As I read the article I couldn’t figure out if these moms were drinking to ease the pain of missing their kids or if it was more out of the joy of escaping their kids for a few hours out of the day. Only one of the moms was quoted as saying, “How do these people who send their children off to college deal with that? Because I just dropped my kid off at school and I’m gonna see him in a few hours, and I’m already struggling.” The reporter goes on to say, “For stay-at-home moms who spent the summer entertaining housefuls of children, it’s a celebration of sorts: The first time in months that they’ve had social interaction with other adults without a kid hanging on their leg.”
So as I continued reading, not sure how to comprehend that this wasn’t some sort of satire but a real article in a real newspaper, I saw the ending which left me almost falling off my chair. “Yeah, there aren’t going to be fresh-baked cookies for my kids when they get home from school today…Come back at about 2 o’clock, and you’ll get a whole different story from us.” I’m not sure how to even interpret this. This is real life. Our reality is very clear: women have become so filled with joy to not have the responsibility of their children rest on them during the school day, that the obvious choice is to go get drunk.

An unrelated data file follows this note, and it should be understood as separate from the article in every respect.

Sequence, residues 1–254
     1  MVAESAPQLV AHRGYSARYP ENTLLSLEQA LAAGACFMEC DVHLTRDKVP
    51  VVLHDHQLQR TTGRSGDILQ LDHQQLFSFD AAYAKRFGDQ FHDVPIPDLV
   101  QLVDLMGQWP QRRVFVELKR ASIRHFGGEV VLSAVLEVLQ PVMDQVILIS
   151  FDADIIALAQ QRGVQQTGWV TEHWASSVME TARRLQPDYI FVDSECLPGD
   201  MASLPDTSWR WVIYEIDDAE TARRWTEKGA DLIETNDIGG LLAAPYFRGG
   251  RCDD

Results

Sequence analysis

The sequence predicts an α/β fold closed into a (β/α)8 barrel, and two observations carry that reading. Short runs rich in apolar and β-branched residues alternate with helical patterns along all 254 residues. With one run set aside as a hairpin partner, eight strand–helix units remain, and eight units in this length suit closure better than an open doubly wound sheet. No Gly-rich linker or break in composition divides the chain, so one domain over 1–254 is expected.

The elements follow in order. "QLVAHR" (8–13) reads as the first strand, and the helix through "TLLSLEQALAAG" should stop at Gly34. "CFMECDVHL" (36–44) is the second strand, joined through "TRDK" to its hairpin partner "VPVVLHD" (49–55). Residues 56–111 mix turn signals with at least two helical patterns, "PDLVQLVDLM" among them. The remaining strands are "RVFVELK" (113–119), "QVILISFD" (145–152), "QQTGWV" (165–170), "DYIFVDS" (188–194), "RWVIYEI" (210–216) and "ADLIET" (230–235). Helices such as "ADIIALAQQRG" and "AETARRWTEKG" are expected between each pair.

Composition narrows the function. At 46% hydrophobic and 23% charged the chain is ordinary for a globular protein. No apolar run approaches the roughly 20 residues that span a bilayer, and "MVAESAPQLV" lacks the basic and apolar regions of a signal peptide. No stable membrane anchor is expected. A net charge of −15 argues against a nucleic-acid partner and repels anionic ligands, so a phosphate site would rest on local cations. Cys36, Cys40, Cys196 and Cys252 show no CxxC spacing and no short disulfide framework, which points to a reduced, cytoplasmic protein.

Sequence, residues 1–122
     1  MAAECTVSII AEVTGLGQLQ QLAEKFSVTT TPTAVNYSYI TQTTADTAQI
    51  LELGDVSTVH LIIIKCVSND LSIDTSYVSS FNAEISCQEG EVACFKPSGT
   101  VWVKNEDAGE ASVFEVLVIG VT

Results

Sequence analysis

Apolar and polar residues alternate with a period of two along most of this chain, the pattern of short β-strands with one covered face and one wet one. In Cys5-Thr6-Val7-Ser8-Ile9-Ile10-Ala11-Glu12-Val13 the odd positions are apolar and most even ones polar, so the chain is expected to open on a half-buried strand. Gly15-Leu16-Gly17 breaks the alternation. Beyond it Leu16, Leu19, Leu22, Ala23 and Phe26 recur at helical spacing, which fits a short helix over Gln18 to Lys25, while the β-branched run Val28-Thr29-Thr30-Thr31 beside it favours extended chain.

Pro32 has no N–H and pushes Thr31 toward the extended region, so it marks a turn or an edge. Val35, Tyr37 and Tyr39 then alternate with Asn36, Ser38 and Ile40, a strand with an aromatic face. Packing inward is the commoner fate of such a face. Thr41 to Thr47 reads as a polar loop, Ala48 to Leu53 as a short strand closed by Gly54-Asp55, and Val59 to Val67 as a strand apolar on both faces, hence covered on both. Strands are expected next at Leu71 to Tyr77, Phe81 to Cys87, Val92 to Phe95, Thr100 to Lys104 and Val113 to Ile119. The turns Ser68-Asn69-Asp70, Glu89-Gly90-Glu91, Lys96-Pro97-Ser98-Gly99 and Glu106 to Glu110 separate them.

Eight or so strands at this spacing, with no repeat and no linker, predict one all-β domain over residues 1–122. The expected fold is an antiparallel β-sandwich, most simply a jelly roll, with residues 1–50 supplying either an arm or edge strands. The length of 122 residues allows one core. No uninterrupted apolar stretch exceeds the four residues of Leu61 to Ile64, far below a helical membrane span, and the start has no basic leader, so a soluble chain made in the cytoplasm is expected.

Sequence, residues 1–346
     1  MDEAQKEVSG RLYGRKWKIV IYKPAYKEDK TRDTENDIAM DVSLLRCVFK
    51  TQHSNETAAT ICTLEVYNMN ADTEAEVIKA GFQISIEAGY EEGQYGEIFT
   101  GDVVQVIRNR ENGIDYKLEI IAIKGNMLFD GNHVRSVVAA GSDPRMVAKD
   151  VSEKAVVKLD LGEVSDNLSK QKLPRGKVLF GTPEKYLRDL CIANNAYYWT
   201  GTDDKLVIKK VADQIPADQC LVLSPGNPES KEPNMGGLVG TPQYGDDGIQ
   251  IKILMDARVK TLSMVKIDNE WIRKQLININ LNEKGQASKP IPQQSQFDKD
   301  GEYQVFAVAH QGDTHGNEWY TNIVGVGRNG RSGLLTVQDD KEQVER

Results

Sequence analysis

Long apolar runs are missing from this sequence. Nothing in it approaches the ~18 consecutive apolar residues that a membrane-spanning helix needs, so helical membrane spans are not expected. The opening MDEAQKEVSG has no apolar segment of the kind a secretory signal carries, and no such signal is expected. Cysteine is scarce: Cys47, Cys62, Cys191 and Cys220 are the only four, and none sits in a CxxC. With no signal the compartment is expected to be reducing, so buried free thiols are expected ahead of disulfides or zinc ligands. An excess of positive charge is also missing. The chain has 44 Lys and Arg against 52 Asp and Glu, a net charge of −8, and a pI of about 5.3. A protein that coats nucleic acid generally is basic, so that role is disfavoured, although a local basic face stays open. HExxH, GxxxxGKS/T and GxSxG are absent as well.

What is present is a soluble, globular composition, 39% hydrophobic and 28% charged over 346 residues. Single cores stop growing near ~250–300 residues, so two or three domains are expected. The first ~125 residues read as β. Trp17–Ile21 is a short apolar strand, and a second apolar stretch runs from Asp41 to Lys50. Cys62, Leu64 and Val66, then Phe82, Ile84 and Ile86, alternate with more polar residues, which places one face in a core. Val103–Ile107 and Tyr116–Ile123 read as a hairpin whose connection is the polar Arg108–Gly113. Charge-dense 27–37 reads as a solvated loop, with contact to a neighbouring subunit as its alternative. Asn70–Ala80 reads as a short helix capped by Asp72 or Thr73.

I understand that many encourage mothers to take “me time” or “mommy time” so that they don’t get burned out. This, however, seemed to be taking this idea a step too far. How have these beliefs crept in and made their home in our pews, among our homes, in our hearts? Then I open up the Word to Titus 2, and I read:
…Teach the older women to live in a way that honors God. They must not slander others or be heavy drinkers. Instead, they should teach others what is good. These older women must train the younger women to love their husbands and their children, to live wisely and be pure, to work in their homes, to do good, and to be submissive to their husbands. Then they will not bring shame on the word of God. Titus 2:3-5
Everything feels upside down and I feel confused. Then I remember the words written in Isaiah, “Woe to those who call evil good and good evil, who put darkness for light and light for darkness…” Isaiah 5:20 These cultural shifts happen right under our noses. We don’t see it happening and we might find ourselves swept up in it.
How have we accepted that children are a burden? How have we okayed the idea that we just need to get by. The idea that we should do whatever we need to, just to make it through motherhood. I’m not going to lie. Motherhood is hard. I’ve said it over and over again. We need to share our struggles, lift each other up in prayer – carry each other’s burdens! But let’s not accept this idea that we just need to wish away the hours until our kids are old enough to take care of themselves. That isn’t love.
Proverbs 27:17 says, “As iron sharpens iron, so a friend sharpens a friend.” We should care about one another enough to rebuke them when their ideas do not line up with the Word of God.
With each generation, there will be shifts, like waves in the ocean. Rise above them. Let’s not fall prey to false notions and beliefs that leak into our society, but let’s be wise and prayerful, discerning of the truth.